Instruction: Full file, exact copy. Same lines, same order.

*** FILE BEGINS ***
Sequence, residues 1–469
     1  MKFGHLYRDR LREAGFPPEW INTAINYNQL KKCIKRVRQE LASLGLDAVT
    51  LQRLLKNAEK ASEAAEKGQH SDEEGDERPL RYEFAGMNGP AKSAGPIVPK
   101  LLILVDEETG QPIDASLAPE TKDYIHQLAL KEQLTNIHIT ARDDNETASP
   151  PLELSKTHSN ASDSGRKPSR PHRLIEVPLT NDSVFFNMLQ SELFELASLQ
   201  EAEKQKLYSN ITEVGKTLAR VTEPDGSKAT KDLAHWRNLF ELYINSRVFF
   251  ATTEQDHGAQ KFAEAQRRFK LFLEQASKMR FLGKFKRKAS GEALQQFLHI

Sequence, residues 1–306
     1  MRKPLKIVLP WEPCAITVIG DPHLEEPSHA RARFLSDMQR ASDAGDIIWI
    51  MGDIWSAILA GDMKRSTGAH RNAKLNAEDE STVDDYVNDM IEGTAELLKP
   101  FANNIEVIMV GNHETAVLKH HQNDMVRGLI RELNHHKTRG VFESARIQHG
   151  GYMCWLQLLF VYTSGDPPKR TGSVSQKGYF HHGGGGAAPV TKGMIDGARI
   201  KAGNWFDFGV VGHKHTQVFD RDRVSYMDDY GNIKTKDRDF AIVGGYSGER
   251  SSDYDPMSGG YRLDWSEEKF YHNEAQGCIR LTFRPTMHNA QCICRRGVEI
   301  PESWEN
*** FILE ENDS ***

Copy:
Sequence, residues 1–469
     1  MKFGHLYRDR LREAGFPPEW INTAINYNQL KKCIKRVRQE LASLGLDAVT
    51  LQRLLKNAEK ASEAAEKGQH SDEEGDERPL RYEFAGMNGP AKSAGPIVPK
   101  LLILVDEETG QPIDASLAPE TKDYIHQLAL KEQLTNIHIT ARDDNETASP
   151  PLELSKTHSN ASDSGRKPSR PHRLIEVPLT NDSVFFNMLQ SELFELASLQ
   201  EAEKQKLYSN ITEVGKTLAR VTEPDGSKAT KDLAHWRNLF ELYINSRVFF
   251  ATTEQDHGAQ KFAEAQRRFK LFLEQASKMR FLGKFKRKAS GEALQQFLHI

Sequence, residues 1–306
     1  MRKPLKIVLP WEPCAITVIG DPHLEEPSHA RARFLSDMQR ASDAGDIIWI
    51  MGDIWSAILA GDMKRSTGAH RNAKLNAEDE STVDDYVNDM IEGTAELLKP
   101  FANNIEVIMV GNHETAVLKH HQNDMVRGLI RELNHHKTRG VFESARIQHG
   151  GYMCWLQLLF VYTSGDPPKR TGSVSQKGYF HHGGGGAAPV TKGMIDGARI
   201  KAGNWFDFGV VGHKHTQVFD RDRVSYMDDY GNIKTKDRDF AIVGGYSGER
   251  SSDYDPMSGG YRLDWSEEKF YHNEAQGCIR LTFRPTMHNA QCICRRGVEI
   301  PESWEN